Trotting globes and skipping across galaxies, Avengers: Infinity War has innumerable moving parts, which makes this a busy yet meaty adventure epic.  That said, don’t be mistaken or fooled by your own sunny expectations or the deluge of prognosticating clickbait and fan theories.  The largest figure on every poster is the true star and focus of this movie. Believe it or not, this is a Thanos movie, first and foremost.  With an ensemble this large, his foreboding and anchoring presence is a stroke of brass-balled brilliance and misdirection from go-to MCU writers Christopher Markus and Stephen McFeely after years of playing it safe.

After ten years of individual and team-up movies doing masterful work originating and building up a deep roster of heroes, it was high time for a dramatic shift in character development to fulfill the long-term teases representing who and what is Thanos.  Previously plagued too often by flatly one-dimensional one-off villains with thin motives and the same rants, Avengers: Infinity War is a rich exploration of the bad guy.  Imagine a villain in any other film entity, from spy films of the James Bond or Mission: Impossible variety or even those right in the same comic genre like Magneto or Joker, getting the bulk of the screen time and character development.  Josh Brolin grabs this formidable opportunity with his giant golden hand and never lets it go.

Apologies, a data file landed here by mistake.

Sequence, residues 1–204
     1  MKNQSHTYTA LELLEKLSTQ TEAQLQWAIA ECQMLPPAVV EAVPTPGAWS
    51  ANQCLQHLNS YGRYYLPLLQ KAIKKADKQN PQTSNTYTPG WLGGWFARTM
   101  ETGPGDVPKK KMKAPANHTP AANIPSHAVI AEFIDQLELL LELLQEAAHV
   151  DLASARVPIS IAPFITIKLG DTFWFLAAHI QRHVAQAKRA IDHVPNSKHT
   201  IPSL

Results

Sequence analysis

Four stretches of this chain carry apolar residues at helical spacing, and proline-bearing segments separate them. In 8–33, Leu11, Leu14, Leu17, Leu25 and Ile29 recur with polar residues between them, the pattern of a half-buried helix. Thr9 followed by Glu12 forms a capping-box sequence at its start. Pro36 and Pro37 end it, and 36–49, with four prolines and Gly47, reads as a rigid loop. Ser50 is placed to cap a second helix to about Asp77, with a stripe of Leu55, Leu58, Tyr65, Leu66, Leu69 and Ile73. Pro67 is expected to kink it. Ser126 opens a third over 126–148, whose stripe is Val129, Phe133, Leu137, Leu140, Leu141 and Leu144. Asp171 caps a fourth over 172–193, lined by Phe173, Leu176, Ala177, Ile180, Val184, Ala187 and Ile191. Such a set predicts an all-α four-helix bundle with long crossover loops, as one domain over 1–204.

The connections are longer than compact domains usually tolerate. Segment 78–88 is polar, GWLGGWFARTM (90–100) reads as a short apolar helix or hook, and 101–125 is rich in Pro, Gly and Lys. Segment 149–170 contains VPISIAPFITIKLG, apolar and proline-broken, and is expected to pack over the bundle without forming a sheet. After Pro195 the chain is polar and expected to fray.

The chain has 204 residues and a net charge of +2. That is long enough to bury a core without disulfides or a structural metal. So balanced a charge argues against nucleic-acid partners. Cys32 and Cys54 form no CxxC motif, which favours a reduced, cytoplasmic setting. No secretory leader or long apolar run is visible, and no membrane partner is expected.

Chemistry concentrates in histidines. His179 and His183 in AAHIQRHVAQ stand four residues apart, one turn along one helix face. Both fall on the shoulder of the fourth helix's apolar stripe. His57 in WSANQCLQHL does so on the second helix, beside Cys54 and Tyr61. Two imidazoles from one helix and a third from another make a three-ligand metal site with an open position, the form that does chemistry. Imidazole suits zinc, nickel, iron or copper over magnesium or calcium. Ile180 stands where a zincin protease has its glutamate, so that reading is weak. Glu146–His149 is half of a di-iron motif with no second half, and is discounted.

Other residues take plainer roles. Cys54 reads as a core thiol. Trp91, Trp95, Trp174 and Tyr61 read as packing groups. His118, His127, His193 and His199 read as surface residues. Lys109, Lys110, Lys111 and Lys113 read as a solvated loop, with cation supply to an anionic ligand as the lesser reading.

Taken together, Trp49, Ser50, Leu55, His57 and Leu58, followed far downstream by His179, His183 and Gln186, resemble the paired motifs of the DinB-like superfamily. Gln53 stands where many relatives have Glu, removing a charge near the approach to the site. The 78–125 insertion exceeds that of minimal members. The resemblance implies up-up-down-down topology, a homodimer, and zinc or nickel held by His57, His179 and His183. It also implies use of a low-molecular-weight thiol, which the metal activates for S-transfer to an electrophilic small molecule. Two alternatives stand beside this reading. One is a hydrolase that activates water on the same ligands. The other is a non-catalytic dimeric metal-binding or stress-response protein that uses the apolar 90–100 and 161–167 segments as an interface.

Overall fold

Elevated by this menacing threat and voraciously nourished by overwhelming action sequences, Avengers: Infinity War answers the euphoric hype and takes the MCU to heights and stakes it has never attempted.  The crazy thing is that Infinity War is just the first part of two films shot back-to-back.  Even with the temptation to lose your mind (you’ll see), there is a level or point of patience necessary where you or I cannot fully grade or judge this film until seeing the 2019 finish.  With a disconnected/fill-in-the-blank Ant-Man and Wasp this July and a 90s-set prequel of sorts Captain Marvel next March, the concrete of this newly-created present has been poured, and we will all be waiting a calendar year to see the finishing culmination of the blueprint grown into the movie mansion.  Once again, this is by design and stands as further proof to the genius behind the hubris.

LESSON #3: THE BREAKING POINTS OF POWERFUL PEOPLE-- Life lessons for this movie could really dive into spoiler territory (hence the first two more farcical ones), so this final one will be the best possible allegory within appropriate boundaries.  No matter the myriad of obstacles, the highest stake remains the same: the trillions of innocent lives across the far-reaching comic book cosmos. Seeking twisted balance, the coldly tyrannical villain targets the hardest choices to those with the strongest wills in standoffs of sacrifice.  Every character with heart has a limit to what lives can be traded and which cannot.

  LOGO DESIGNED BY MEENTS ILLUSTRATED (#683)

LOGO DESIGNED BY MEENTS ILLUSTRATED (#683)